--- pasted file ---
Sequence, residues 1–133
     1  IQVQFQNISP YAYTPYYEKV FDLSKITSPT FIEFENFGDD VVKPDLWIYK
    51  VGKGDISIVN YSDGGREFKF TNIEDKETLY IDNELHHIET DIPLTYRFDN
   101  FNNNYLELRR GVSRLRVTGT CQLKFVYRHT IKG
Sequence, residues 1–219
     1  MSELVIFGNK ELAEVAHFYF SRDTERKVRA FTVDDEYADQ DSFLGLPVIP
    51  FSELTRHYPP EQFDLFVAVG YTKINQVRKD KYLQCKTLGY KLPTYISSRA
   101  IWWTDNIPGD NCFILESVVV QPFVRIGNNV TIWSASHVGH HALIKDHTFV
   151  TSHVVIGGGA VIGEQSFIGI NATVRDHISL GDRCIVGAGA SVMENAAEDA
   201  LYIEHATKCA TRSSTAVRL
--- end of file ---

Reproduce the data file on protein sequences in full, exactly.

Sequence, residues 1–133
     1  IQVQFQNISP YAYTPYYEKV FDLSKITSPT FIEFENFGDD VVKPDLWIYK
    51  VGKGDISIVN YSDGGREFKF TNIEDKETLY IDNELHHIET DIPLTYRFDN
   101  FNNNYLELRR GVSRLRVTGT CQLKFVYRHT IKG
Sequence, residues 1–219
     1  MSELVIFGNK ELAEVAHFYF SRDTERKVRA FTVDDEYADQ DSFLGLPVIP
    51  FSELTRHYPP EQFDLFVAVG YTKINQVRKD KYLQCKTLGY KLPTYISSRA
   101  IWWTDNIPGD NCFILESVVV QPFVRIGNNV TIWSASHVGH HALIKDHTFV
   151  TSHVVIGGGA VIGEQSFIGI NATVRDHISL GDRCIVGAGA SVMENAAEDA
   201  LYIEHATKCA TRSSTAVRL